Averoigne II:10, in which a Barfight Leads to Awkwardness and Various Hideous Fates for Clergy are Contemplated

Being Vespers, Thursday, the twelfth day of February, Anno Domini One Thousand Two Hundred and Seventy-Six, in the common room of the Inn of Deux Diables…

Marcel and Julien step gingerly around patches of sawdust sticky from wine and the bodies of patrons recumbent via multifarious causes.  At the other side of the taproom, Breschau sweeps aside a curtain with one massive hand and steps into the candle-punctuated gloom beyond.  The two companions hasten, finding a corner near the curtain.

“I hear nothing,” says Marcel, his ear pressed to the wall.  Julien holds up a hand.  From just inside, two voices can be heard.

“What dost thou mean, thou doth not know who he is?” snarls Breschau.

The other man’s voice shakes.  “I mean exactly that, sir.  I met him in an alley near the cathedral, and he was hooded and cloaked.  Thou knowest how these informants are – most of them are more afraid of us than the accused.  ‘Twas not a transaction out of the ordinary.”

The spymaster grunts.  “Conrad wants to know, so is out of ordinary.  He has faults, but he is good man.  It hurts me to see him look like fool.  Not only that, meddlers from court stick their noses into this.  They walk her back home that night.”  He pauses, and Julien strains to hear.  “Could it be one of them in the alley?”

“It might be possible.  I recall him speaking in an educated manner – not like the prisoner’s neighbors at all…”

“He didst give thee anything?  Token?  Scrap of paper?  Anything?”

“Thou!”

Julien feels a hand on his shoulder.  He turns to be confronted with a whiff of alcohol-laden halitosis.  A large, weathered man with a nasty scar on his chin and cheek sticks his face into Julien’s.

“Thou art in my spot,” he says.

“I’m terribly sorry,” says Julien.  “I didn’t -“

“Not good enough,” rumbles the man.  Marcel looks around nervously.

“Is someone outside?” Julien hears Breschau say.

The man favors Julien with a gap-toothed smile.  His hand strays toward his sword hilt.

Meanwhile, in the archives of the archbishop of Vyones…

Between massive shelves, Bruyant sits at a small desk covered with stacks of paper and books.  He is tired, and his hair is filled with layers of fine dust.  He is setting aside the last of the pages when Pierre enters, whistling.  The priest looks up in amazement.  “Thou seemest happy, friend.”

The wineseller tosses a coin from his purse into the air and catches it.  “It seems that my question has borne fruit.  Conrad is closeted with the archbishop, where he is answering some very interesting questions about this supposed poisoning plot.  Honore does not appreciate it when the people’s affection is used to accomplish the goals of others.”  He peers at the papers.  “Hast thou any luck in researching Conrad?”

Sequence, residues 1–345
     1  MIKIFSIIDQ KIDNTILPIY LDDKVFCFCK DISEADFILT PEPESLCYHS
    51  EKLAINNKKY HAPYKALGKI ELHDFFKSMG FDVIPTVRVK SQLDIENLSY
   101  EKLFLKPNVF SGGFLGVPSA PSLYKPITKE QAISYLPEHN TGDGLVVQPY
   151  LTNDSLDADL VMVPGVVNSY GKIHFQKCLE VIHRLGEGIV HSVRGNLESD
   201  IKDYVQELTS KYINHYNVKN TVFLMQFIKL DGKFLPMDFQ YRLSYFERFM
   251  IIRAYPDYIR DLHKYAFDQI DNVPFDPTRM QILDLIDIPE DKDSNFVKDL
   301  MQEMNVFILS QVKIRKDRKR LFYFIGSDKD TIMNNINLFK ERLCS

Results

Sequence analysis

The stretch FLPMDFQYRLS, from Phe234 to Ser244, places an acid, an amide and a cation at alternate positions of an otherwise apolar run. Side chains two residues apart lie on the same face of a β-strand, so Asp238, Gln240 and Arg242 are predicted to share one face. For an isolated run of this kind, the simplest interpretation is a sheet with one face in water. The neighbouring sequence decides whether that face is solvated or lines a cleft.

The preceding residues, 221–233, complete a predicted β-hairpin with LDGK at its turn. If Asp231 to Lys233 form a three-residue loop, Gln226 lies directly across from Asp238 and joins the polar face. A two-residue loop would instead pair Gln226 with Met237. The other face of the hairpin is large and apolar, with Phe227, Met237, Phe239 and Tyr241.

Bruyant sighs.  “Nay, I can find nothing that indicates he came here as an inquisitor.”  He flips through the papers.  “In fact, I can be fairly certain that no inquisitor has ever returned to Averoigne for a second time.”  He holds out a paper to Pierre.  “Look at this.”

Pierre squints.  “Sir, thou hath forgotten I cannot read Latin.”

“Ah yes.”  He points at the page with a flourish.  “This particular inquisitor was hung from the top of an oak with a cord of mistletoe.”

“Mistletoe?”  Pierre rubs his chin.  “An unusual way to meet one’s Maker.”

“Indeed.”  Bruyant waves his hand over the desk.  “The fate of the rest is less dramatic, and often less clear.  Many left suddenly with no fanfare, and it appears that special provisions had to be made for the discreet transport of others.  Averoigne has defeated quite a few of the Church’s most zealous crusaders against heresy.”

A knock interrupts their discussion.  Bruyant opens the door to see a stout, red-faced guard.

“Father Bruyant, come quickly.  The prisoner hath awakened.  She is crying.  No doubt she hath considered the gravity of her misdeeds and the punishment that awaits her.”

“I shall learn soon enough,” says the priest.  His robe swirls about him as he hastens to the dungeon.

Pierre moves to follow, but the guard blocks him.  “Sorry, good sir.  Only the father is permitted.”

The wineseller smiles.  “Louis, is it?  We met at the tavern last night.  Excellent wine, no?  Perhaps thou wouldst like another pitcher.  I can bring one up specially for thee tomorrow.”

The guard returns the grin, and the two men follow Bruyant.

When Pierre and the guard arrive, Bruyant is peering into the cell, his fingers wrapped around the bars on the door.  “Quickly, man,” he calls as the guard fumbles with the keys.  The rusty lock creaks, and the hinges groan as the heavy oak door opens.  Bruyant steps into the darkness, calling back, “A candle, good sir!”

The guard passes him a taper, and Bruyant holds it aloft.  In the corner of the room huddles what appears to be a shivering bundle of rags that sobs between deep breaths.  The priest steps forward.  “Milady?”

Lowering her threadbare blanket from her tear-streaked face, Eve looks up at him.  His robe catches her eye, and she shrieks.  “Those horrid faces!  Keep them away!”

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Published in: on April 20, 2008 at 11:25 pm  Leave a Comment  

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